When the book is finally closed on Rob Ford's time as the mayor of Toronto it will read, without doubt or question, that he was willing to sacrifice for the game of football.
He sacrificed his time to coach, and missed meetings despite the protests of some of his closest allies. He sacrificed money, and faced allegations of misusing both tax dollars and city resources. He has sacrificed much more.
And next week we will learn whether he also sacrificed his job as mayor for the game he loves.
The CBC reports that Justice Charles Hackland will release his decision on Monday in a conflict of interest case that could see Ford thrown from office.
One wonders if Ford's attention will be on Monday's decision. The high school football team he coaches is set to appear in its championship game the following day.
He may be too busy sketching out plays to pay attention to whether he has been thrown out of office.
The case in question stems from $3,150 in donations to his football foundation he raised by using city letterhead and, allegedly, his clout as a city councillor. The city's integrity commissioner found the money to have been raised inappropriately and ordered Ford to repay it.
Lawyer Clayton Ruby argued that Ford's decision to participate in a debate over whether he should be forced to pay back that money constituted a conflict of interest punishable by expulsion from city hall.
Is it likely to happen? It depends on who you ask.
Justice Hackland does have the authority to expel Ford from office, should he find it warranted. The judge could also block Ford from running in the next election.
But even if Ford is found guilty of breaching the Municipal Conflict of Interest Act, he could simply face a lesser punishment. If the violation is found to be a simple error in judgment, Ford could retain his post.
And that is if he is found guilty at all, which Ford's lawyer does not expect to happen.
According to the National Post, Alan Lenczner argued that the original decision to order Ford repay the donation was wrong and it therefore didn't matter whether Ford participated in the following debate.
The Toronto Star reports that city hall will face some tough questions if Ford is removed from office. Deputy Mayor Doug Holyday told the Star he expects he would assume the mayor's duties under those circumstances, until a by-election could be held to replace him.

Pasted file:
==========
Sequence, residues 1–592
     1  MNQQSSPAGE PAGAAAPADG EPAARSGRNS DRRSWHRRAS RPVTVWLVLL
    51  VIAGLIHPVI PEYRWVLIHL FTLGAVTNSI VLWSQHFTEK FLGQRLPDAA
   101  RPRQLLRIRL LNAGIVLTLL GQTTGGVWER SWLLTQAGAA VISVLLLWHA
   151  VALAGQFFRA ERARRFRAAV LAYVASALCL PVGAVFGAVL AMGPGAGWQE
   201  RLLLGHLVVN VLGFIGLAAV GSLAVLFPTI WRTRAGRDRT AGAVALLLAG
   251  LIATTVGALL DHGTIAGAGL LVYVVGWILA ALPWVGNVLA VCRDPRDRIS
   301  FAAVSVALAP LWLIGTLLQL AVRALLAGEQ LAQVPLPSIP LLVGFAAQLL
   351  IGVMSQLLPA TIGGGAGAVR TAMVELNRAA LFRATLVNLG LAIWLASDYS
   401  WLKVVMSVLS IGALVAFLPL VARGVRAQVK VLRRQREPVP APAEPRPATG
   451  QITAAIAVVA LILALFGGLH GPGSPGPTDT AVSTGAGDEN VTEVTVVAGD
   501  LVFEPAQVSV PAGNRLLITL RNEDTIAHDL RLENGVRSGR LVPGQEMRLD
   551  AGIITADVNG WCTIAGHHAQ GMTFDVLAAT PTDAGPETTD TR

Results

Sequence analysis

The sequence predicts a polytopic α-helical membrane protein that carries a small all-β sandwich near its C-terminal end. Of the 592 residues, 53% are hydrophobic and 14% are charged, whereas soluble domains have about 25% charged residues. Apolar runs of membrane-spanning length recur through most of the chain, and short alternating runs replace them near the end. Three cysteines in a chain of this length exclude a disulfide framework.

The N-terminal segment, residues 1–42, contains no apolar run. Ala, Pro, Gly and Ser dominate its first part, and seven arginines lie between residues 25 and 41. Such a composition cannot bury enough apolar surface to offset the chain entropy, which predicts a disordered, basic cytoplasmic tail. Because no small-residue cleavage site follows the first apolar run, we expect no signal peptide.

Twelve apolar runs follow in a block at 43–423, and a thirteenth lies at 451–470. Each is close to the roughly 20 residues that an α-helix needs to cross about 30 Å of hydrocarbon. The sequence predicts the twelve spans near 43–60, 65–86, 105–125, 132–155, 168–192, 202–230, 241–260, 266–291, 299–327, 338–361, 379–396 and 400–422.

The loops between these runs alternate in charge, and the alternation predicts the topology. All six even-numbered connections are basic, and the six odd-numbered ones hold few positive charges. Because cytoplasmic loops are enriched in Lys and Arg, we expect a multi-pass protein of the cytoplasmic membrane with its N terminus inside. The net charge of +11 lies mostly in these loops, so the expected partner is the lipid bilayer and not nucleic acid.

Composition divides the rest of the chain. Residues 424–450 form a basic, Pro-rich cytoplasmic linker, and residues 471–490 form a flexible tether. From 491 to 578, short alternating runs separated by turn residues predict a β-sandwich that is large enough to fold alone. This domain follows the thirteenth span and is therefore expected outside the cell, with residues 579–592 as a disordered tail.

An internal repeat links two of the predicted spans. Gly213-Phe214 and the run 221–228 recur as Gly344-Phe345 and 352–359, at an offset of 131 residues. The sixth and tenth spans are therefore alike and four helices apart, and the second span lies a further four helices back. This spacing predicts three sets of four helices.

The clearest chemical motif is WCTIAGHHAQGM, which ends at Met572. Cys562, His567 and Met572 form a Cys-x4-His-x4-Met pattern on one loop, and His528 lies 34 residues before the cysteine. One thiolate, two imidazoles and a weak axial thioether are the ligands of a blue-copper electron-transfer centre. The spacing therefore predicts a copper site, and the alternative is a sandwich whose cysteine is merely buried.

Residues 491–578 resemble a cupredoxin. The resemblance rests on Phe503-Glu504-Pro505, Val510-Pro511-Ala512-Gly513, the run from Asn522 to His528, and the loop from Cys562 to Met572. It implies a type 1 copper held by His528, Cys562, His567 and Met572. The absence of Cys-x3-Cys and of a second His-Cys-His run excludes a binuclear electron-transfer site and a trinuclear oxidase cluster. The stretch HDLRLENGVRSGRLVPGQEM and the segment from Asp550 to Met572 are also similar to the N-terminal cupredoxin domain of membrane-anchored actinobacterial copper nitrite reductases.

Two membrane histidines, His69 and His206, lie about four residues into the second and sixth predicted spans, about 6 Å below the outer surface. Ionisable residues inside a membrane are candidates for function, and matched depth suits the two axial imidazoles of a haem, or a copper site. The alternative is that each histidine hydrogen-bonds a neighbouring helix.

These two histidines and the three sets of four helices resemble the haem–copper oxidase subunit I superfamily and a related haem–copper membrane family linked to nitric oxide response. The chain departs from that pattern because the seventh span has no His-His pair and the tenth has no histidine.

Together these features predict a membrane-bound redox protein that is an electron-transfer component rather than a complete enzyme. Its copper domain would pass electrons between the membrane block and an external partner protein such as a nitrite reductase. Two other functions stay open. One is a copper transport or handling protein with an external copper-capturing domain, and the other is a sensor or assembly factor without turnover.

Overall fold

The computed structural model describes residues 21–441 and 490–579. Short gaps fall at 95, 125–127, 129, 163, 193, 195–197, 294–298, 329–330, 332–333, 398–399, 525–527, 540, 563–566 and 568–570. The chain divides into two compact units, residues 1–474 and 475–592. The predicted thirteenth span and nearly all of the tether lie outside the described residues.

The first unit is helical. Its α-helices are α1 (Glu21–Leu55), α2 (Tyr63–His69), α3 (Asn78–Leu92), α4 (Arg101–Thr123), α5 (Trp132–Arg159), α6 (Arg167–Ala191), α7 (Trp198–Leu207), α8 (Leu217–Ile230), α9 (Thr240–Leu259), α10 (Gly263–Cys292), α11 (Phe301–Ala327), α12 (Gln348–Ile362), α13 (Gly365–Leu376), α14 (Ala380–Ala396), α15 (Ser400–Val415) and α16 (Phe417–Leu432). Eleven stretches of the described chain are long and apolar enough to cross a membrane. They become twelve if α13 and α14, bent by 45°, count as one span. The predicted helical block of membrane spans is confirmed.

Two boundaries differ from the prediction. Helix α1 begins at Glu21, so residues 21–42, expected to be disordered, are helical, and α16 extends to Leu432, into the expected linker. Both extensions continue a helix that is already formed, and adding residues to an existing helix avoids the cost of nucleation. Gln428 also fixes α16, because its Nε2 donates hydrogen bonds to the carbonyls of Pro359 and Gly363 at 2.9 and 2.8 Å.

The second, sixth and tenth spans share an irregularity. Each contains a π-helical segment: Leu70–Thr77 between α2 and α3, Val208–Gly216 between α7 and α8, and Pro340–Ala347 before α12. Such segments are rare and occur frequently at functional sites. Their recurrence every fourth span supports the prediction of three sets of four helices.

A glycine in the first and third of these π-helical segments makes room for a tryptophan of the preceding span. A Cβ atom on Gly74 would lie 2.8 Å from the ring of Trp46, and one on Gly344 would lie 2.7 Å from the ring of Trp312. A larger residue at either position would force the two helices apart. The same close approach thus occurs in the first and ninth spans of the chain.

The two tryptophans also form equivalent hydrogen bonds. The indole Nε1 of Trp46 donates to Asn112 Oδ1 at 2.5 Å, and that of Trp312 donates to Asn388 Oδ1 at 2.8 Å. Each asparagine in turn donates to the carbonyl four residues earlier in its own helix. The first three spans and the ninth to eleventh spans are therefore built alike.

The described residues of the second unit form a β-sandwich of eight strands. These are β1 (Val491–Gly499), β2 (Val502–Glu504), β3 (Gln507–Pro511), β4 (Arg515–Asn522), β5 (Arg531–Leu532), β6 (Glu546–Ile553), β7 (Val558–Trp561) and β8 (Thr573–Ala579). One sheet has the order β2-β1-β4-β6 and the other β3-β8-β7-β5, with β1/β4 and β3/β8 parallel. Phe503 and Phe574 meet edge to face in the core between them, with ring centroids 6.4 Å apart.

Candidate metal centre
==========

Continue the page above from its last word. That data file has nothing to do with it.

The other option would be for council to appoint one of their own as a "caretaker" mayor, avoiding an expensive by-election and likely putting an end to Ford's agenda.
This uncertainty is another of Ford's sacrifices to the game of football.
Without the intention of being glib, it is tough to keep track of which of Ford's stew pots is boiling over this time around.
A $6-million defamation suit against Ford wrapped up in court earlier this week, with lawyers arguing whether comments he made as a mayoral candidate to the Toronto Sun editorial board were defamatory toward restaurant owner George Foulidis.
[ Related: Rob Ford tumbles to the turf at Grey Cup event ]
The CBC reports that Ford told the newspaper that a 20-year lease deal Foulidis cut with the city "stinks to high heaven."
There was also a recent controversy over two TTC buses that were pulled from service and used to shuttle Ford's high school football team, the Don Bosco Eagles, home after a game. Ford says he had nothing to do with the decision to order shuttle buses, although he did call the Toronto Transit Commission's CEO to check on their whereabouts.
The Don Bosco Eagles are the same team that Ford was coaching when he missed two hours of a city council meeting earlier this month, and part of an executive committee meeting before that.
He has also said he will miss a meeting on Tuesday, when the Eagles appear in the Metro Bowl, a high school championship game.
So while Ford has already hinted he won't be at council on Tuesday, it remains to be seen whether that is because he prioritizes his role of football coach over his position as mayor.
Or because he isn't mayor anymore.